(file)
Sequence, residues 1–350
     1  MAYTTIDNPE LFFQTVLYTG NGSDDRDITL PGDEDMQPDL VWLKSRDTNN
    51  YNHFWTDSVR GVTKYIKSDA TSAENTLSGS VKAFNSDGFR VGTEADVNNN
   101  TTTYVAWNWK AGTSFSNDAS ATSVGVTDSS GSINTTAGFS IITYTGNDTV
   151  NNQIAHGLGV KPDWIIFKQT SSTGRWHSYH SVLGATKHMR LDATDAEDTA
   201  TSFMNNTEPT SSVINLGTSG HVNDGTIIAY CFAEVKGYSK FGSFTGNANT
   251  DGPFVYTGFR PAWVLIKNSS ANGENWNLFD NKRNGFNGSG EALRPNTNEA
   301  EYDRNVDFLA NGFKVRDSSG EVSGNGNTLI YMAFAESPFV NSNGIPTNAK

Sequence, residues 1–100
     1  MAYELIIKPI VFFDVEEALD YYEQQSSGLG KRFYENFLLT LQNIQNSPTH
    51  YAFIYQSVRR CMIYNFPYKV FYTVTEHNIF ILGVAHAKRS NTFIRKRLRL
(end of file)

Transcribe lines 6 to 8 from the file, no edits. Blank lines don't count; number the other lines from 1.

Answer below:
   201  TSFMNNTEPT SSVINLGTSG HVNDGTIIAY CFAEVKGYSK FGSFTGNANT
   251  DGPFVYTGFR PAWVLIKNSS ANGENWNLFD NKRNGFNGSG EALRPNTNEA
   301  EYDRNVDFLA NGFKVRDSSG EVSGNGNTLI YMAFAESPFV NSNGIPTNAK